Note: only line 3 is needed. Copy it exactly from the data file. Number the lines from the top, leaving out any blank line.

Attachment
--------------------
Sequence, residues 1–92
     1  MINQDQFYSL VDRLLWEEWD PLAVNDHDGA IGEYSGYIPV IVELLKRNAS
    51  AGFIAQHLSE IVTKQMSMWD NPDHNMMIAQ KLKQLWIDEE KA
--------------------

    51  AGFIAQHLSE IVTKQMSMWD NPDHNMMIAQ KLKQLWIDEE KA